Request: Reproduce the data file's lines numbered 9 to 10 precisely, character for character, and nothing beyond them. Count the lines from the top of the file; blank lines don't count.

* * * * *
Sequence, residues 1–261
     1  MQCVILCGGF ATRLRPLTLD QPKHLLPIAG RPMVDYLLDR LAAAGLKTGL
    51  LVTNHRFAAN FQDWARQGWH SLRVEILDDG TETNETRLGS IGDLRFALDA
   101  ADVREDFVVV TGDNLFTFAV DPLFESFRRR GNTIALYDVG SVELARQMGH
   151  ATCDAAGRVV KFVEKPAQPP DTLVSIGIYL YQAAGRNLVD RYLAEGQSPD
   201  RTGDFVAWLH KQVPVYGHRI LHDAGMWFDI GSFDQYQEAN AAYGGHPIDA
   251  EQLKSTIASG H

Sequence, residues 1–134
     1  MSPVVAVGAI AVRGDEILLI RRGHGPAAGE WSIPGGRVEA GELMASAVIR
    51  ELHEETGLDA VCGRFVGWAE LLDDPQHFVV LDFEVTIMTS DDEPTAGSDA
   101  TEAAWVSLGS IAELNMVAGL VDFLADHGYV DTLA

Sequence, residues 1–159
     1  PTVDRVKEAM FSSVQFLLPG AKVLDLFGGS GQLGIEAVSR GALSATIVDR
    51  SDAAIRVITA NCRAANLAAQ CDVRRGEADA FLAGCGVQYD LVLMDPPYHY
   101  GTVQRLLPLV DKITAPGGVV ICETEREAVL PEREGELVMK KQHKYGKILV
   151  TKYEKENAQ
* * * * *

     1  MSPVVAVGAI AVRGDEILLI RRGHGPAAGE WSIPGGRVEA GELMASAVIR
    51  ELHEETGLDA VCGRFVGWAE LLDDPQHFVV LDFEVTIMTS DDEPTAGSDA